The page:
Small things make a big difference for young Tasnuva and her charitable family
2018-08-01 15:09:12 -
By Laurel B Lujan

A young girl’s health struggles inspired her family to start an organisation that has grown from helping the differently abled to feeding the homeless in Ireland.

Eleven-year-old Tasnuva Shamim was diagnosed at birth with cerebral palsy, microcephaly, epilepsy, cystic encephalomalacia and an intellectual disability. Inspired by her difficult journey, her parents Shagor Ahmed and Nasrim Ahmed Shamim — who moved to Ireland from Bangladesh in 2003 — founded the Tasnuva Shamim Foundation Ireland on 1 January 2015.

“She really struggled for eight years, big time,” says Nasrim of her daughter’s heath issues at the time she and Shagor started the foundation, which originally focused on providing support for the differently abled and their families.

“For people with disabled children, it is not easy to [do things like go to] work,” says Shagor of what grew their empathy. “Suddenly I will have to run home because sometimes [Tasnuva] has a problem [at any time of day].”

While their focus is on taking care of Tasnuva and their other children, the Shamims express their gratitude that the Government helps by providing a nurse who visits during the week. It’s what inspired them to give back and try to help others who don’t have access to the same support.

Over time, that mission expanded to “anything we can do for the needy”, says Shagor, under the guiding principle of ‘promoting love, care and unity through community interaction’.

The issue of homelessness in Dublin is now a particular cause for the Shamims’ foundation, once they were confronted with the reality on the city’s streets.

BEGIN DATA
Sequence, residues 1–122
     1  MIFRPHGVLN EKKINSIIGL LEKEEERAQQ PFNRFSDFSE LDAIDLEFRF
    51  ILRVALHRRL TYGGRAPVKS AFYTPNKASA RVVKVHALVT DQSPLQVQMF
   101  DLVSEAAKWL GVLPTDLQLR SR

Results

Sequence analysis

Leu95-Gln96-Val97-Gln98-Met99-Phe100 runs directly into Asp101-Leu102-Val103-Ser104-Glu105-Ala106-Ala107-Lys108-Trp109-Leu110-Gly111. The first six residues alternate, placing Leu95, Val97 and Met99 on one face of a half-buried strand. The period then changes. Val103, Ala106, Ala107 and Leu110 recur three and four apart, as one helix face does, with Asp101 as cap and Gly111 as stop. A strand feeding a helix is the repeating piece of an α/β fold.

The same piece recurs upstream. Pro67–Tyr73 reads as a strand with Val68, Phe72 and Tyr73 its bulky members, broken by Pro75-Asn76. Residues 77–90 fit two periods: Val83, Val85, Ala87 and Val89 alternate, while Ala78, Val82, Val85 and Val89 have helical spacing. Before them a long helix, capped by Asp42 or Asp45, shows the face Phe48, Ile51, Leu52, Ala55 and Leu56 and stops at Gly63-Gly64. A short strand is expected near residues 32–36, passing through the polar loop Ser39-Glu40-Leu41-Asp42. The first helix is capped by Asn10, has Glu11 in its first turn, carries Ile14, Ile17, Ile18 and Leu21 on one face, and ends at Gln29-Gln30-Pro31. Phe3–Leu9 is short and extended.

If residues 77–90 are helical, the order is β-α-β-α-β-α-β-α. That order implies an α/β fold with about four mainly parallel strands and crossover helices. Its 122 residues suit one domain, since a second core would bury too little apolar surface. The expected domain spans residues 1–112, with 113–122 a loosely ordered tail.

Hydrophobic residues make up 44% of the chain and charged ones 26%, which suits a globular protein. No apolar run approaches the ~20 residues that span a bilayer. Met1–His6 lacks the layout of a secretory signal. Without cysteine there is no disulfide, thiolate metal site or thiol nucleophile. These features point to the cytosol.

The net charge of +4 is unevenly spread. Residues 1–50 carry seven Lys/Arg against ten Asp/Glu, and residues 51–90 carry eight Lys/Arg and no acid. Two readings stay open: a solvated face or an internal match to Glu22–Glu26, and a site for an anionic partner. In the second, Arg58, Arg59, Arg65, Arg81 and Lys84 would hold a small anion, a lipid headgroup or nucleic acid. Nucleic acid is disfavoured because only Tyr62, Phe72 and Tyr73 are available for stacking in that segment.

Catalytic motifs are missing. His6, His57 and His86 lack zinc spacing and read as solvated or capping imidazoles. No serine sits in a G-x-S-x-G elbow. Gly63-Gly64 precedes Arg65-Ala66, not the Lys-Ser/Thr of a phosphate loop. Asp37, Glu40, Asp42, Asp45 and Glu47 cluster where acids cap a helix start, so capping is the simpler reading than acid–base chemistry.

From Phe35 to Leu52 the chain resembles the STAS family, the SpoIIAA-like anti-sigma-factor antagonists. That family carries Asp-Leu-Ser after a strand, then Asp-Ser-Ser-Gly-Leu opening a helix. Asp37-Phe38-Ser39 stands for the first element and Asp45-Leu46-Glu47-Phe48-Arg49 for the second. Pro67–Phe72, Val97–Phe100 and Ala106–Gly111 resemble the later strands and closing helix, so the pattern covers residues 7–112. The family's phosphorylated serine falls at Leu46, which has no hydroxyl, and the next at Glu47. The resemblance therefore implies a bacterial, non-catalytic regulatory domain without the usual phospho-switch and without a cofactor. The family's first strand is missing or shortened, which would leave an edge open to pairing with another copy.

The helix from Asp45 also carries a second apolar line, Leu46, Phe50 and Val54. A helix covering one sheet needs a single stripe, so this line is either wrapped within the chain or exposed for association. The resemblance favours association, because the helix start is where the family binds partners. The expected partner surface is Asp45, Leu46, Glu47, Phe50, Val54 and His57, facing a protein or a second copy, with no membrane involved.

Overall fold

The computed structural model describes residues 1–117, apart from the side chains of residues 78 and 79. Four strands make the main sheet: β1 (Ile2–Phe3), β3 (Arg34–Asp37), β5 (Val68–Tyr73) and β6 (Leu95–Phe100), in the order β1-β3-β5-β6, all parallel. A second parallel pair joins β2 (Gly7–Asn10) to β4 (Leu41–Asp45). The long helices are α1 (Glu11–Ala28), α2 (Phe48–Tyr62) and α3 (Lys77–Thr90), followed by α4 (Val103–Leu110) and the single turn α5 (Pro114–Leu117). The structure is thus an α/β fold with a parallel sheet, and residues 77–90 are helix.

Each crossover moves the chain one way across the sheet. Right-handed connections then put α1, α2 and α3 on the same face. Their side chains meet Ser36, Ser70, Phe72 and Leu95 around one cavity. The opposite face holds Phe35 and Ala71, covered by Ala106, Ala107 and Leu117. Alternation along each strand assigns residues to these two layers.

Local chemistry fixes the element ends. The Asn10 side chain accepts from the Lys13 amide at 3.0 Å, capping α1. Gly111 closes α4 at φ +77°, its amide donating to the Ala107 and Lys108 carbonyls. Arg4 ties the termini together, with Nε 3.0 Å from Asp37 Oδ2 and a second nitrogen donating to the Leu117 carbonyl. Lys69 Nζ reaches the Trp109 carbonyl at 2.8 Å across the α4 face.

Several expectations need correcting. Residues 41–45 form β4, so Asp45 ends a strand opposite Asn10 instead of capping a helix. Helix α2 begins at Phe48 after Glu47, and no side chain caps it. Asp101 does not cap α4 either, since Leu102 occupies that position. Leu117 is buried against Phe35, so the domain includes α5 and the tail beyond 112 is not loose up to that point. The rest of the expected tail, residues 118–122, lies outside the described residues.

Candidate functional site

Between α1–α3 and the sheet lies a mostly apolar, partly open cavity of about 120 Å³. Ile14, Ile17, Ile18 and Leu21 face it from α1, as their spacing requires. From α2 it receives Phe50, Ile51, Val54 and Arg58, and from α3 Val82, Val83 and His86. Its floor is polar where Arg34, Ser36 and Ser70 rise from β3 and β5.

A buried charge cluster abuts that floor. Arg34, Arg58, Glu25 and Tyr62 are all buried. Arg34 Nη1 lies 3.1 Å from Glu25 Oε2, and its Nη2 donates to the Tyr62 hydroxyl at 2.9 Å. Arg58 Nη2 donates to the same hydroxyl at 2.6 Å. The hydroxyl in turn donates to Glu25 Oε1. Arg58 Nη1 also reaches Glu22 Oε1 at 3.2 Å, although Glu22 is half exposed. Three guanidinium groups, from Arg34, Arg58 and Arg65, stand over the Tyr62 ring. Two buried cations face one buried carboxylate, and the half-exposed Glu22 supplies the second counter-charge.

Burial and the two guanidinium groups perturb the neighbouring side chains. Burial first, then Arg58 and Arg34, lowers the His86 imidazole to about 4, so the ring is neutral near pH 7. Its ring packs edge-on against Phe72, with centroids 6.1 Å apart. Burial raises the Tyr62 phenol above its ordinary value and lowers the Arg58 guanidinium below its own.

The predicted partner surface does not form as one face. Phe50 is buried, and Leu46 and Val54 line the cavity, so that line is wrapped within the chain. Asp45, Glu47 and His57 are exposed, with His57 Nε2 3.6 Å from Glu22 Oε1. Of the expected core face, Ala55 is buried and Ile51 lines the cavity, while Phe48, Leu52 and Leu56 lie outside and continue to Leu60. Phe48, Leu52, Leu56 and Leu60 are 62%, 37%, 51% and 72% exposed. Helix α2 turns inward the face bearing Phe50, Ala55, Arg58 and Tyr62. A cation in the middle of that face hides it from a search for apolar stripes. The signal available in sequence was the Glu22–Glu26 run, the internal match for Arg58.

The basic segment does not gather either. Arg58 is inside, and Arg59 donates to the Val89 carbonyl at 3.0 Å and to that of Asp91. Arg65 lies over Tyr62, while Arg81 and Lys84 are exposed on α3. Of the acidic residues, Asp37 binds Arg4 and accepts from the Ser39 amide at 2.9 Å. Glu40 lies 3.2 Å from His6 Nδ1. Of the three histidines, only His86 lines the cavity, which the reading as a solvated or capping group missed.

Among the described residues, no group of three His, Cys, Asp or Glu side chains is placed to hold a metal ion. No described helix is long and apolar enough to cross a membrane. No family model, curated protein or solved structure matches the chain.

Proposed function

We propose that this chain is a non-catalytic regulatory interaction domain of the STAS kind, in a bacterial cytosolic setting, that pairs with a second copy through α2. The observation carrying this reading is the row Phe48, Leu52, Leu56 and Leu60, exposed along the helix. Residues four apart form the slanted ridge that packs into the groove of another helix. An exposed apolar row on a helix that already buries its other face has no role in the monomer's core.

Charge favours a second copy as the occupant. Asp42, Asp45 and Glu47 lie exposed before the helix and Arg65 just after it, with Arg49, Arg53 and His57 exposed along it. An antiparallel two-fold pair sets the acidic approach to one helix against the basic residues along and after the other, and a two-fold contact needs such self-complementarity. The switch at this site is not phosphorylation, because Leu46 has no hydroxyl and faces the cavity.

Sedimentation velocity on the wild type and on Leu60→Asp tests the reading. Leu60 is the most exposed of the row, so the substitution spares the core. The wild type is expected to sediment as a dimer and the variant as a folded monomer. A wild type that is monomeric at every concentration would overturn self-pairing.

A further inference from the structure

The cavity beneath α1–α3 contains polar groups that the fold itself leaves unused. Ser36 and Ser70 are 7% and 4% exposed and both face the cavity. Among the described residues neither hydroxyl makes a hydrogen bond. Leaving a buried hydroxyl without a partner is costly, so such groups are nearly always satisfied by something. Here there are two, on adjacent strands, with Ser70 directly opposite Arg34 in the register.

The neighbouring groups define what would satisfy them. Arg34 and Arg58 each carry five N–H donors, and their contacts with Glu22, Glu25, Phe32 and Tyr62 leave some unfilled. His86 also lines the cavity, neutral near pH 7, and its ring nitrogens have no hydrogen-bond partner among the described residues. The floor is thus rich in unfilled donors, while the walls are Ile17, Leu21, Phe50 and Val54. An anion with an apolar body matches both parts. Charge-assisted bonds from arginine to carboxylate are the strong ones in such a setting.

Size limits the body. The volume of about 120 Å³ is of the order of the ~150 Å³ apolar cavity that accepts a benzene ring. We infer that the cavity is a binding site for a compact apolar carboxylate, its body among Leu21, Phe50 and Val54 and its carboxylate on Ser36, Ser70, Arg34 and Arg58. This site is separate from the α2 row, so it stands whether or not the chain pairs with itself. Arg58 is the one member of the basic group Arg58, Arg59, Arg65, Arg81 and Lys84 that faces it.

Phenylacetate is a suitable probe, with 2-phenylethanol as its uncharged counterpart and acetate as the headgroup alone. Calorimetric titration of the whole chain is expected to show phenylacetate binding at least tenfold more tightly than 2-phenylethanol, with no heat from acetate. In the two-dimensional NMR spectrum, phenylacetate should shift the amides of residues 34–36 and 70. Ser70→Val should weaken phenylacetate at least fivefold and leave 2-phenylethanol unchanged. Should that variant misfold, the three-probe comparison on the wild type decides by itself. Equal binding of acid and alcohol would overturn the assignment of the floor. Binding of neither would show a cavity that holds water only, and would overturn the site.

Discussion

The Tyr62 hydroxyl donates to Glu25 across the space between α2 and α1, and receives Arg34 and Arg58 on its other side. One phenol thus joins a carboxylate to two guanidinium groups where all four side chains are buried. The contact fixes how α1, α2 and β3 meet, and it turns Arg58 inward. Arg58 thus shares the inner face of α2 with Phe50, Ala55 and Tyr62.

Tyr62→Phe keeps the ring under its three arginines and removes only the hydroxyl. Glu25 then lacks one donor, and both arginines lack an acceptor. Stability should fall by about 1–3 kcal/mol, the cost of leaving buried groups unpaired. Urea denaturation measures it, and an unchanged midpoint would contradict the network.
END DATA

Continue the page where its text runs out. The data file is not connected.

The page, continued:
Beginning with a few plates of food and the help of some friends who gathered to pass them out despite the poor winter weather, by the end of that first month, Shagor had a fully fledged foundation working alongside soup run providers Hope in the Darkness.

With Shagor’s help, their food runs on four days a week were bolstered by extra handouts on Fridays, aided by a team of dedicated volunteers. And Kinara in Clontarf, a restaurant specialising in high-end Asian cuisine, also pitched in with sizeable donations of rice in tandem with FoodCloud.

“We got the food and our donations [by] our members helping us, and Tesco Malahide gave us more than enough food,” Shagor says.


Meanwhile, the inspiration for it all is thriving beyond expectations. Tasnuva goes to a mainstream school and, besides not getting homework, she shares similar experiences of growing up to her sisters. The school she attends also provides much-needed supports to help her socialise with her classmates, so she does not miss out on a full life.

Tasnuva’s parents are grateful that she has finally found comfort despite her condition – and were recently able to treat her with an aeroplane flight.

“For over five years she has not been on an aircraft [but] she’s very big now and she had a wish to go,” Nasrim says, explaining that it is not always easy to travel with disabilities. But Tasnuva’s body language indicated that she was excited by the experience.

“Tasnuva had earphones on, she [can’t] see but she can hear so when the pilot was talking and the plane was moving, she was moving,” Shagor added.

As Tasnuva’s life improves, her namesake foundation continues to grow. There is now an office, thanks to Gannon Homes, and there are plans to open a homeless centre as well as a youth centre to promote support and interaction within the wider community.

“[But] we can’t run an organisation without volunteers,” Nasrim says, as she and her husband express their thanks to those who have already helped so much by donating food or their time to help those differently abled, whether the homeless or individuals like their daughter.

“It’s the small things that make a big difference,” Shagor says. “So this is how we help people and this is how we make friendships.”
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